Why is my world suddenly so silent?
Can you see this child?
This beautiful child raped, beaten, broken body, covered in dirt, soaked in their semen, soaked in it's own blood -- left to die.
I want you to picture that little angel.
Still dressed in a school uniform.
A school uniform symbolizing all the hopes and dreams of our precious little children across this beautiful land.
Now I want you to imagine this child as a little boy.
Until men of all races and creeds, in every nook and cranny, in every suburb and every township, in every sports-bar and every shebeen across our amazing country, begin to realize that the discussion of rape is a human epidemic and not just a female issue, we will never understand the problem.
Until men realize that it takes a village to raise a child, and that downplaying rape by accepting rape culture and condoning rape jokes teaches our sons that the village protects rapists, we will never stop this plague.
Until men realize that their duty as fathers is as much about teaching their sons to respect women as it is about teaching their daughters to respect their bodies, we will always find a victim in the females and never find a rapist amongst our males.
For far too long men have associated rape with female victims, perpetrated by rapists who are nothing like them or their friends and peers.
Speak to the friends and families of every rapist, and they will tell you that it was completely out of character and they simply cannot believe that he is a rapist.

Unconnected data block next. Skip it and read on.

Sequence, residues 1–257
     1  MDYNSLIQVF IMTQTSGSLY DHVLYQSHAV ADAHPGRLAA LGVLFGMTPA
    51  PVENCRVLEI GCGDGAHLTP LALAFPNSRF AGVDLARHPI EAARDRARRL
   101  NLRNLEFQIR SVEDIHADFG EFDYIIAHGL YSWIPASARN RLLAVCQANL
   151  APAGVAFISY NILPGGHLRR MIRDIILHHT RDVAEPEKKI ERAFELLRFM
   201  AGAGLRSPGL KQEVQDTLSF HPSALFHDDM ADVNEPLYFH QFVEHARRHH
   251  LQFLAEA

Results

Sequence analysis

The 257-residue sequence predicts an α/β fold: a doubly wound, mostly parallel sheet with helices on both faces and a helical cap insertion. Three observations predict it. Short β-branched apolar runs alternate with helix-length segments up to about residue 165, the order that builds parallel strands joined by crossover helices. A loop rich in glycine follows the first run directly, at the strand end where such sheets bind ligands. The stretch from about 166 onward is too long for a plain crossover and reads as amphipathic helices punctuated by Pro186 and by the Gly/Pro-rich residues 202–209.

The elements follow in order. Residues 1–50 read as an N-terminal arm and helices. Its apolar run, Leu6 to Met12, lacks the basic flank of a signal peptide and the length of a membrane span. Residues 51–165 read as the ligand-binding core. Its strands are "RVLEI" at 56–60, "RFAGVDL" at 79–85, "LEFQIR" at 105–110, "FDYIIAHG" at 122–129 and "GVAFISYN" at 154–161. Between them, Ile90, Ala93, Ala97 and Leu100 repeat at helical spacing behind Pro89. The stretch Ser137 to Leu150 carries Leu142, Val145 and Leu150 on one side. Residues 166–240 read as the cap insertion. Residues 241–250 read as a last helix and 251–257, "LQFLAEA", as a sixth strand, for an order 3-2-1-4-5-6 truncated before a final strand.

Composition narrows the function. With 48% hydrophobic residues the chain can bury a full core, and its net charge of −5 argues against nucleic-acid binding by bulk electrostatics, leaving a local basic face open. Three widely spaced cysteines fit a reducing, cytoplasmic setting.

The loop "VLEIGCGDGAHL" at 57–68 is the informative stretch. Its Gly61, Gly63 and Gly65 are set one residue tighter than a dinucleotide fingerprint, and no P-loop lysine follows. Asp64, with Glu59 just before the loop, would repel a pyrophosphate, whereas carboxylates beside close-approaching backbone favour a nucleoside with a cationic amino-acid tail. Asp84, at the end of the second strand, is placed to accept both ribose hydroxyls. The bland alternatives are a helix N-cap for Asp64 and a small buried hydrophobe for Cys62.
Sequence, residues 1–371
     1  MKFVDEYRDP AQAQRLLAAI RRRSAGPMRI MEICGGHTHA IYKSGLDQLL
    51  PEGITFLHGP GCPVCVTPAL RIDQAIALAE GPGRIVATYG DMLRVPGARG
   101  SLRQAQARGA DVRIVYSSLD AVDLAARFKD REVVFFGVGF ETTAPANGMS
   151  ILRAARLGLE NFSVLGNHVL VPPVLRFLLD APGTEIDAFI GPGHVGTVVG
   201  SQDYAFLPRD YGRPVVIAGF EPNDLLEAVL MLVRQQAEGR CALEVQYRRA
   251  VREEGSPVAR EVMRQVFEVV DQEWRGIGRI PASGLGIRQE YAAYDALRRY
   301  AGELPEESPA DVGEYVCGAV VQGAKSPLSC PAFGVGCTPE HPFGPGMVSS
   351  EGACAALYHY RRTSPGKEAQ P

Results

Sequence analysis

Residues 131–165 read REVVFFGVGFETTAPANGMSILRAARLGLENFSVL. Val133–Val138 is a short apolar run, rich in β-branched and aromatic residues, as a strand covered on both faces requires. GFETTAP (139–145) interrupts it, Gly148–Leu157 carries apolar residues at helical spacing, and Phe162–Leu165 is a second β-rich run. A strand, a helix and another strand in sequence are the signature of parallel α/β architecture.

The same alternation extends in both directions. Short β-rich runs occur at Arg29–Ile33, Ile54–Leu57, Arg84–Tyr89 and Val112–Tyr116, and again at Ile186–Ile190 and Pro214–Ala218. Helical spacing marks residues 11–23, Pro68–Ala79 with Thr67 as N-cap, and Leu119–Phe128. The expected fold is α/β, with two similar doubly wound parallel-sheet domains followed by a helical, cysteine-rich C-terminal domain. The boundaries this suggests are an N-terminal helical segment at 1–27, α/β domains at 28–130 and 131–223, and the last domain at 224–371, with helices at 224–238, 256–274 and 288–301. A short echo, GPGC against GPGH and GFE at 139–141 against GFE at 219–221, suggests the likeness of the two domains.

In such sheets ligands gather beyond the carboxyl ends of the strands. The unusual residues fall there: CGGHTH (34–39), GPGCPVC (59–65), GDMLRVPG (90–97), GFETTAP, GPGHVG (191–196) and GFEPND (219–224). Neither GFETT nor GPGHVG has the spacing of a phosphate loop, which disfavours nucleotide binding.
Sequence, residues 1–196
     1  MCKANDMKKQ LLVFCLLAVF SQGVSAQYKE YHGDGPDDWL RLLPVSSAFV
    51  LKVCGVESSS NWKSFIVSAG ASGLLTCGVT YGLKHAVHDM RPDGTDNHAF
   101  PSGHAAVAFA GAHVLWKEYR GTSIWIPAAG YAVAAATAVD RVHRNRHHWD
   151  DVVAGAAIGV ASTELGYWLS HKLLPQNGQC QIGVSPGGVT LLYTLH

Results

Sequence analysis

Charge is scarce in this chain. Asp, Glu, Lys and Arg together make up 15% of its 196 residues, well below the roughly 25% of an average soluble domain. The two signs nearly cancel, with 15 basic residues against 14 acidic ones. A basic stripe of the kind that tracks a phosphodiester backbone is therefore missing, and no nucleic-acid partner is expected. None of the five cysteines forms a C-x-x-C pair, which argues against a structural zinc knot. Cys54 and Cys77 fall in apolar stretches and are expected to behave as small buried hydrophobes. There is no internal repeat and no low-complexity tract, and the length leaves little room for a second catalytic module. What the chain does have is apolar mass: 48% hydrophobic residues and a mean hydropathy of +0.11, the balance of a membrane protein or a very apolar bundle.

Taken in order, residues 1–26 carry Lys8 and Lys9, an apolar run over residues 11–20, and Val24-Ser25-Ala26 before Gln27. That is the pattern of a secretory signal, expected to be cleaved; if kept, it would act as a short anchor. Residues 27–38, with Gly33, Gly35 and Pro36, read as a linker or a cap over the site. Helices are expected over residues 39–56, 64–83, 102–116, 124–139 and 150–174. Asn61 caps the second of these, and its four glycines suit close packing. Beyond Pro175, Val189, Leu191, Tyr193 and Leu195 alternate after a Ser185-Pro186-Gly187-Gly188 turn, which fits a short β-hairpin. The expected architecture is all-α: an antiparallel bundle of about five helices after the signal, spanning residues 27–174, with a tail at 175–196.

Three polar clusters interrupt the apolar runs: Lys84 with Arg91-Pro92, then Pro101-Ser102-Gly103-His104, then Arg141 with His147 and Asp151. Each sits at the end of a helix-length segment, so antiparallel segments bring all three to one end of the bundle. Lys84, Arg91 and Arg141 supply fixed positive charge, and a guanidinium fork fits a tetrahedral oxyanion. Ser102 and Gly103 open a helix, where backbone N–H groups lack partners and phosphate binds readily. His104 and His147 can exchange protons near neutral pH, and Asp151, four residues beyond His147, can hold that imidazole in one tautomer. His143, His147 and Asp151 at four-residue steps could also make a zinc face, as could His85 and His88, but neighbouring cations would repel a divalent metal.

I say “he” without dismissing the fact that females can be rapists too.
The premise of this piece however is to focus more on the culture in which we are bringing up our young men.
Until we change the culture of what is expected of our young men; until we challenge the gender bias that it's acceptable and expected of boys to compete to win and failure is not an option; until we understand the destructiveness of teaching these young men that women and jobs and trophies and acclaim are not challenges to be won at all costs; until we reprogram our sons to respect all women as they would and should their mothers and sisters and wives and daughters; until we make each of these young men and boys champions of all rights and liberties, never afraid to raise their voices and call out injustices against women; until we shame the rape and sexual abuse apologist with the same vigor we've begun to shame the racist with; until we're ready to send our sons into the world with the absolute certainty that they have neither the capacity to condone rape culture no the capacity to commit any acts of sexual abuse; until then, we will always react to shocking truths with “Oh no, not another rape victims story!”
I'd like to end with this quote, which epitomizes the fear men have of broaching subjects they're uncomfortable with.
A fear we need to urgently overcome.
“Most of us tend to belittle all suffering except our own," said Mary. "I think it's fear. We don't want to come too near in case we're sucked in and have to share it.”
― Elizabeth Goudge, The Scent of Water
It's time we get sucked in and it's certainly time we overcome our fear.
Begin the dialogue with our sons and fathers and friends.
Break down those barriers to discussions on rape and sexual abuse.
Be the ripple that begins the tsunami against this societal ill.
And never ever think it's ok to say “Oh no, not another rape victims story!”
For until we completely stop rapists, we are all victims.
I make no apologies for this article being loosely based on Jake Tyler Brigance's closing argument in trial in John Grisham's book “A Time To Kill”.